The Prime Minister’s Office has published the assets and liabilities of the union council of ministers. As we reported when the new cabinet was sworn in, members of this cabinet are poorer overall than the one that it replaced, even though 17 of the 22 ministers are crorepatis (net worth of more than Rs1 crore or $162,926).
The poorest member is urban development minister Venkaiah Naidu, with net assets of Rs22 lakh ($35,834.98), while the richest is the former lawyer Arun Jaitley, who holds the key defence and finance portfolios and is worth Rs72 crore ($11.7 million).
But the men and women holding the reins to India’s growth and future have not done a good job of planning for their own retirement or optimally investing their assets.
“It stands out that none of these ministers have much investment in equity and equity-related assets,” said Suresh Sadagopan, founder of Ladder7 Financial Advisory, who analyzed the declared assets of Narendra Modi, Arun Jaitley (defence and finance), Rajnath Singh (home), Sushma Swaraj (external affairs), Smriti Irani (human resource development) and Maneka Gandhi (women and child development) for us. He offered the advice with the disclaimer that he was working with limited information and only what is in the public domain. Professional financial planners need to know personal goals before they can offer advice.
Except Gandhi, the others are holding their assets mostly in traditional instruments. The interest income from some of the traditional instruments is taxable and the returns are not good enough, keeping inflation in mind, to support someone during retirement, Sadagopan said.
The asset portfolios of ministers are heavily loaded with property and jewellery. Neither are very good stores of value, Sadagopan said. “The property market is not very developed in India for investments. The location of the property and the development of surroundings areas can affect their value unexpectedly,” he added.
The value of Narendra Modi’s residential property has grown exponentially. The property he bought in Gandhinagar for Rs130,488 ($2,125) in 2002 is now valued at Rs1 crore ($162,904). He has Rs17 lakh ($27,690) in a fixed deposit and Rs4.3 lakh ($7,005) in National Savings Certificates and in Insurance policies. “There are no regular cash flows from the savings invested in an insurance policy. Also, the interest would vary between 3.5% and 7%. Depending on what kind of NSC it is, the return will be between 8.5% and 8.8%. If this is all he has, he will find it very difficult to sustain himself,” Sadagopan said.
He has agricultural land worth Rs50 lakh and a residential property worth Rs1.4 crore ($228,040.82). Singh also has a revolver and two guns besides jewellery worth Rs4.8 lakh ($7,819). He also has Rs60.71 lakh ($98,912) in banks and Rs70,000 ($1,140) in hand. “Rajnath Singh’s savings seem like a cause for worry. The return on agricultural land is marginal. Even if you are doing agriculture, you can only get 5-10% return on it,” Sadagopan said. He may not liquidate the guns and will probably live in the residential property. “Fixed deposits and savings accounts are not the best way to help the savings grow significantly,” Sadagopan said. His portfolio seems “fraught with danger”, he added.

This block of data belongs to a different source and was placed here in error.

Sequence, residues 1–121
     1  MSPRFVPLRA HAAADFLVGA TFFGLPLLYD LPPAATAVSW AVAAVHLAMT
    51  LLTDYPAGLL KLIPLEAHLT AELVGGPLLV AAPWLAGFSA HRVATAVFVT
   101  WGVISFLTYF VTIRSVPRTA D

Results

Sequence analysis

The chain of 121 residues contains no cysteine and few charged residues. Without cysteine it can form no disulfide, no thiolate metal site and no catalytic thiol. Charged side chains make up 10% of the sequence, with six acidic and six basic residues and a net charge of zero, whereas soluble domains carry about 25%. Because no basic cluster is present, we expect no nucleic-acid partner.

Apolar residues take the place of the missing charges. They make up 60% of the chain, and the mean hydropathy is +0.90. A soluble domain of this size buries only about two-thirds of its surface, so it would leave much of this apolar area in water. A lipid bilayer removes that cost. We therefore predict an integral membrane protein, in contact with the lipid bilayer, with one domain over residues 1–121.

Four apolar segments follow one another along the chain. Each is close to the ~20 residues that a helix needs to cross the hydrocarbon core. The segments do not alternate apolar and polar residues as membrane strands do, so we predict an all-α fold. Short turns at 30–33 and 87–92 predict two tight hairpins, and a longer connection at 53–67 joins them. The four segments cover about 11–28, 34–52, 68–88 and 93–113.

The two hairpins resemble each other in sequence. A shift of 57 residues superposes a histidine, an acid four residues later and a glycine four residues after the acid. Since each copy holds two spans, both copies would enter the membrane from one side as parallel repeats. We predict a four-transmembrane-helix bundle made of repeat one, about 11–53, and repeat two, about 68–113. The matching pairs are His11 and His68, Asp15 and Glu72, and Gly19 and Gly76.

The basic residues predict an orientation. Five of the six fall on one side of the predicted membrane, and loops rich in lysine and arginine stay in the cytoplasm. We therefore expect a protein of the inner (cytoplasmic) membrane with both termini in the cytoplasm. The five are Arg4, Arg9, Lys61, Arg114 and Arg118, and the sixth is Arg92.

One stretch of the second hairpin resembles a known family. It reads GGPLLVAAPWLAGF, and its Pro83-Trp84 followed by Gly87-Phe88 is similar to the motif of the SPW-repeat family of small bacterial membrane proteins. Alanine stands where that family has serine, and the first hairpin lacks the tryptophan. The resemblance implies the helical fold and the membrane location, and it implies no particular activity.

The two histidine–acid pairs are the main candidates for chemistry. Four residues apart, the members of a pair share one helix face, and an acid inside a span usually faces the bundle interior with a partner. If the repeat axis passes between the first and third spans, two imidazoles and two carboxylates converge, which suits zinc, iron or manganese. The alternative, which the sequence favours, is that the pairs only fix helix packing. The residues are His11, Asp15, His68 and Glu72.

Smriti Irani has total assets of Rs 4.15 crore ($676,055). Out of this, Rs 4.9 lakh ($7,980) is cash in hand. She also has a small amount invested in mutual funds and shares. “We don’t know her requirements but typically this much cash in hand is not suggested,” Sadagopan said. There is too much dependence on land and property in her portfolio. “While her case isn’t bad, she could reallocate the bank balance and the amount in Kisan Vikas Patra into higher yielding assets. Depending on her risk appetite, she could put her money in debt funds,” he added. Irani has Rs26.2 lakh ($42,671) as bank balance and Rs29 lakh ($47,242) in Kisan Vikas Patra. She has two residential properties in Mumbai and Goa and five plots of agricultural land in Maharashtra.
Her net assets are Rs2.7 crore ($439,843). Of this, Rs1.4 crore ($228,097) are in fixed deposits. She looks like someone who is very risk averse from her declared assets, Sadagopan said. He adds that the fixed deposits could be reallocated depending on her risk appetite. She could invest in a debt fund if she is not comfortable with the higher risk of equity, he recommended.
Jaitley, a successful lawyer, is the richest minister in the cabinet. His net assets are Rs72.10 crore ($11,745,443). He has vehicles worth more than Rs3 crore ($488,778), bank balance of Rs75 lakh ($122,195) and Rs1.3 crore ($211,726) as cash in hand. While retirement shouldn’t be a concern for Jaitley, his asset portfolio is slightly skewed, Sadagopan said. “He seems to have overdone the investment in land (Rs35.2 crore) and he should reallocate it. The bank balance could be brought down as well and Rs1.3 crore of cash in hand should be reallocated. While there is enough allocation in growth assets, he could invest more in equity,” Sadagopan said.
Maneka Gandhi is well funded. Her total assets are worth Rs37.68 crore ($6,139,059). She has residential property worth Rs18 crore ($2,932,288) and commercial property worth Rs 6.9 crore ($1,124,044). She has fixed deposits worth Rs6.3 crore ($1,026,183) and Rs97.3 lakh ($9,158,488) in bank deposits. “Maneka Gandhi is the only one who also has significant investment in mutual funds and shares. Her asset allocation is good,” Sadagopan said. 30% of her savings are invested in growth assets, which puts her in a good position in terms of returns. She hasn’t declared how much money she gets from the rent on the commercial property.